The economic recession required CIOs to concentrate their resources and address the most pressing issues in their enterprises. This often involved following a recipe for IT cost reduction that went something like this:
- Postpone investment projects, with the exception of the few major/multi-year projects which were ‘too big or too long’ to stop.
- Renegotiate contracts with service partners and suppliers to reduce your committed spend.
- Freeze IT salaries or hiring or both in order to preserve the organizations talent and skills.
This harsh recipe has been effective in managing through 2009 and into early 2010. It has enabled IT organizations to survive. It has also caused some aspects of IT to wither, particularly the organization’s small project muscle.
Concentrating IT investments into a few large projects was a necessary response to the economy. However in doing so organizations have stopped doing the small to intermediate sized projects that while important, were not deemed essential to the enterprise. This is a significant issue that will come back and hurt CIOs and IT. Particularly when IT’s response is to bundle smaller projects into larger ‘releases’ in order to manage them more effectively. Such a move is an indication that IT is only thinking in terms of large projects and that it has lost its small project muscle.
Postponing or dismissing small to medium sized projects builds a backlog of business demand for IT changes. This demand can be seen as a nuisance to both sides, but it is one that creates dissatisfaction, delays benefits realization.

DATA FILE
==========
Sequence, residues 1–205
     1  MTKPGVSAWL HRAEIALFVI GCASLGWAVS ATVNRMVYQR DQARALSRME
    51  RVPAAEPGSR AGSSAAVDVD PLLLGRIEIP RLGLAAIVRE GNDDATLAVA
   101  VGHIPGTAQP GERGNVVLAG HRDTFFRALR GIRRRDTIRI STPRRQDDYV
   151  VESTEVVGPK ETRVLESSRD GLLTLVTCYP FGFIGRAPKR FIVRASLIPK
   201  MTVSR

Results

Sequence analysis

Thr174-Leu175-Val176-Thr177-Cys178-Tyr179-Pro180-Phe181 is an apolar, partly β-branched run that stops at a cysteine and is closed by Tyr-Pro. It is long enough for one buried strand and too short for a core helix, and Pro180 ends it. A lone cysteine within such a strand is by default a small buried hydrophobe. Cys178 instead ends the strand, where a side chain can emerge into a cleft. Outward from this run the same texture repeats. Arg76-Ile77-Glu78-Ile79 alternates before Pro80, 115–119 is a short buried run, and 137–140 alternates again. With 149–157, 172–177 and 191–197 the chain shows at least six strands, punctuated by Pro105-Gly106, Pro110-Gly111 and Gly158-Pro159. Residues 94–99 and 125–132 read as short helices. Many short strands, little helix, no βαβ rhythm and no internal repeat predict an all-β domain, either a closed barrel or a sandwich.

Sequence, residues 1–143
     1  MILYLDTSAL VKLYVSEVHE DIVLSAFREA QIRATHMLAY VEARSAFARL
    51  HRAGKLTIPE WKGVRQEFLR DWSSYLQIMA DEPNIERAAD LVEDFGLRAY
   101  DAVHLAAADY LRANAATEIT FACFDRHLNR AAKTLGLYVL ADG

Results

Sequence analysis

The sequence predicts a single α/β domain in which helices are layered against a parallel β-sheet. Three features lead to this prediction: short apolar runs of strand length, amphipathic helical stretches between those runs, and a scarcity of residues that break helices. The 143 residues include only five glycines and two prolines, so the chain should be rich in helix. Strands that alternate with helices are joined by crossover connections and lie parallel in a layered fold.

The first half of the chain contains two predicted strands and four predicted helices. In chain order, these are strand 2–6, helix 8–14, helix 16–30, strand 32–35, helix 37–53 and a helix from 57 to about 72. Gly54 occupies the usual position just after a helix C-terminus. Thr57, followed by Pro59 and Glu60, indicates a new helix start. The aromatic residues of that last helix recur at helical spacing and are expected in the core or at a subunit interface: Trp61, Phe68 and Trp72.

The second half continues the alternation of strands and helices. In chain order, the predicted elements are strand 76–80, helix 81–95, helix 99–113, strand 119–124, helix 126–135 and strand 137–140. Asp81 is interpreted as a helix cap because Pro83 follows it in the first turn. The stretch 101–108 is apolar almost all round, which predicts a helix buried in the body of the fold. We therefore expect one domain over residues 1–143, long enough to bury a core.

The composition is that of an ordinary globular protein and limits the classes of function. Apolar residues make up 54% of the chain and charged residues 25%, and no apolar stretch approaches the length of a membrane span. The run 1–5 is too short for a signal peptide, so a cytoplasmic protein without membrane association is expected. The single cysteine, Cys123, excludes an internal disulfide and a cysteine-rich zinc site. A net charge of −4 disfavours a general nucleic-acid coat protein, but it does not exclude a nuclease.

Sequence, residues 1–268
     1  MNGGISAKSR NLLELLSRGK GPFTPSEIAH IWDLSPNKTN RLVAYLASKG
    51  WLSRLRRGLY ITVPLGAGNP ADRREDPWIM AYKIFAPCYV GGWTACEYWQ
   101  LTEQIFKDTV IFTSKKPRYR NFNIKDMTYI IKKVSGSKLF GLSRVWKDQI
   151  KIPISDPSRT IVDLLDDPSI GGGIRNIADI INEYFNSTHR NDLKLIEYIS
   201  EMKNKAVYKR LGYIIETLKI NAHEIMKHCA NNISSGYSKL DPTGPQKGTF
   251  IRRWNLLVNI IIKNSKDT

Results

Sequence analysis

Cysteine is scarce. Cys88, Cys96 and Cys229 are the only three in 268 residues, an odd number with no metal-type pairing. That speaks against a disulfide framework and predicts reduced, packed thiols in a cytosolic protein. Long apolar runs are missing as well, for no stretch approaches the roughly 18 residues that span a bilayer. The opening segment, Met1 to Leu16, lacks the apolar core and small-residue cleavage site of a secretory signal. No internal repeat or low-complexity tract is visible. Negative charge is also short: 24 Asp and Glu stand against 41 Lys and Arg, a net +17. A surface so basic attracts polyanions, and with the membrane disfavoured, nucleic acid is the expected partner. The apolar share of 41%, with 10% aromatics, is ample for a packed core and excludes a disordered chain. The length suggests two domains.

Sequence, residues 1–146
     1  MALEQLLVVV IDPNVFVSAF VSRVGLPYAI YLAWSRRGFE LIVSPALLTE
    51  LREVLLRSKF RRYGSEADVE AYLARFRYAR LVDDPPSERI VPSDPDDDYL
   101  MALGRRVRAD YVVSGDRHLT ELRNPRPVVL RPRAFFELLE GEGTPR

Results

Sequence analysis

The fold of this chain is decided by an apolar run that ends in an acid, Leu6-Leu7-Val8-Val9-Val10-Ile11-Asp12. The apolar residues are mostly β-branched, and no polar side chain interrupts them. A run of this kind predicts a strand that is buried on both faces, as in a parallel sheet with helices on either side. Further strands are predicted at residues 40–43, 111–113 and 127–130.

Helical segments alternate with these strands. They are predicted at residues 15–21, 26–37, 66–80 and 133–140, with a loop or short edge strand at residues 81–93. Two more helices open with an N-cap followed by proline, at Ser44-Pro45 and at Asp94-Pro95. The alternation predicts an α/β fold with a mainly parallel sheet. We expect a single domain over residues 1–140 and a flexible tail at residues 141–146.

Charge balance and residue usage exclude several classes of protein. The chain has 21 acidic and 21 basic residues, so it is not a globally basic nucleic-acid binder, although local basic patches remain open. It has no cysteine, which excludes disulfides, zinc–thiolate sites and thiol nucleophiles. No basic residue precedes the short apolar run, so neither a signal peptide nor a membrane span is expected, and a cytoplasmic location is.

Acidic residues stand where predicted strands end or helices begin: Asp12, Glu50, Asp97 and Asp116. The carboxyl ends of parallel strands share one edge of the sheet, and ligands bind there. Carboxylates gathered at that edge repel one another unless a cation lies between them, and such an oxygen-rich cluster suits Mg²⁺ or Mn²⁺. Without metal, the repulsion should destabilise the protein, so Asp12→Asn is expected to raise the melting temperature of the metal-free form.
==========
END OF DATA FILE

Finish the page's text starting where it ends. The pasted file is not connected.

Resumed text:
Handling those projects by aggregating them into a release reinforces that IT is non-responsive, administrative and bureaucratic. Remember from a business perspective lumping me in with others tells me the following:
- My needs are not important, because they are thrown in with
- IT cannot do anything other than large, expensive, long running projects, otherwise they would not try to force fit everything into a big project model.
- IT is bureaucratic, because I have to wait for them to act and schedule when I get the capability that I need to run the business. Who is in charge here?
- IT is administrative as the documentation, process and controls of a large project are overkill when all I want to do is restructure a management report
CIOs need to recognize that they deliver a portfolio of project types and that requires their organization to be able to handle them. One approach is to the Job Jar to dedicate resources to handling this type of project demand. Other approaches include reorganizing IT along functional rather than technical lines. Recognizing small project demand in governance processes, adopt agile development techniques and approaches; increase the level of reuse, etc.
In any case, IT has lost its small project muscle as small projects were postponed in tough economic times. Its time to get that muscle back in order to deal with the backlog of demand as business needs new capabilities to seize opportunity in a recovering economy.
Its springtime, the winter has passed and like many its time to get outside and start to exercise. If you are like me, your feel it at the beginning and muscles get used to running, cycling, etc particularly when they have not been used in some time. It will take a while to get those muscles back, just like it will take a while for your IT organization to get its small project muscle back.
Stretch before exercising and if you have not been out in a while, seek a doctor’s advice. Best wishes for the spring and success for the rest of 2010.